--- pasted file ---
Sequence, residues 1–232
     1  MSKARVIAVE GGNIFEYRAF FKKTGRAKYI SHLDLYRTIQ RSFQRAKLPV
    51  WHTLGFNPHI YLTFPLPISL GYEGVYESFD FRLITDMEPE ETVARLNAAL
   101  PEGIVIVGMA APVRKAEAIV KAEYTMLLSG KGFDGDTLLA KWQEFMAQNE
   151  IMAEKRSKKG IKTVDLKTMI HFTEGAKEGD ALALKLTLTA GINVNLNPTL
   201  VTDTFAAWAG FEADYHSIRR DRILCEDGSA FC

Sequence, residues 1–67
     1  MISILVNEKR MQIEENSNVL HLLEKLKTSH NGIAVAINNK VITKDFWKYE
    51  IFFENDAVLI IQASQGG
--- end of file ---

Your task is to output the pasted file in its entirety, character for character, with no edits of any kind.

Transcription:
Sequence, residues 1–232
     1  MSKARVIAVE GGNIFEYRAF FKKTGRAKYI SHLDLYRTIQ RSFQRAKLPV
    51  WHTLGFNPHI YLTFPLPISL GYEGVYESFD FRLITDMEPE ETVARLNAAL
   101  PEGIVIVGMA APVRKAEAIV KAEYTMLLSG KGFDGDTLLA KWQEFMAQNE
   151  IMAEKRSKKG IKTVDLKTMI HFTEGAKEGD ALALKLTLTA GINVNLNPTL
   201  VTDTFAAWAG FEADYHSIRR DRILCEDGSA FC

Sequence, residues 1–67
     1  MISILVNEKR MQIEENSNVL HLLEKLKTSH NGIAVAINNK VITKDFWKYE
    51  IFFENDAVLI IQASQGG